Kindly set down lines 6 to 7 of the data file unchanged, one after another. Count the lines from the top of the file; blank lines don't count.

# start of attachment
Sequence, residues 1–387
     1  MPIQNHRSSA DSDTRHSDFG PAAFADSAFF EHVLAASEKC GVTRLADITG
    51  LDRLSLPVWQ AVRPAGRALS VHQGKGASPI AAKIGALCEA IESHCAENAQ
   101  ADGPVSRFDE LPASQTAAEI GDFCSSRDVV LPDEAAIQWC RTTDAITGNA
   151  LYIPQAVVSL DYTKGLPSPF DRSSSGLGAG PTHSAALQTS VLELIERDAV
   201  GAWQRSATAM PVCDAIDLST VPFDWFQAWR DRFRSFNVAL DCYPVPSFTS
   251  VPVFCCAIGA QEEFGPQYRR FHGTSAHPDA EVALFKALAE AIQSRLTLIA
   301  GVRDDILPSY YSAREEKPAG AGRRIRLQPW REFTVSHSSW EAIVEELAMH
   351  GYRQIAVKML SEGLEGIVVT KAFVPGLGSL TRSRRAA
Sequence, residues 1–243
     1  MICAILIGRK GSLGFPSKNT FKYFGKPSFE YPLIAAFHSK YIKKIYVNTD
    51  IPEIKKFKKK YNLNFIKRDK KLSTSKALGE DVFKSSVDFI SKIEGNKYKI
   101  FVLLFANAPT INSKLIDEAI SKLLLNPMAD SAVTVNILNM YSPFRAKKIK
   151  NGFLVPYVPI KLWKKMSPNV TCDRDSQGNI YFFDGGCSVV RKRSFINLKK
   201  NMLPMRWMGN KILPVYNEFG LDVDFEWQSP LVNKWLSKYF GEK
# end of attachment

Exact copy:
   201  GAWQRSATAM PVCDAIDLST VPFDWFQAWR DRFRSFNVAL DCYPVPSFTS
   251  VPVFCCAIGA QEEFGPQYRR FHGTSAHPDA EVALFKALAE AIQSRLTLIA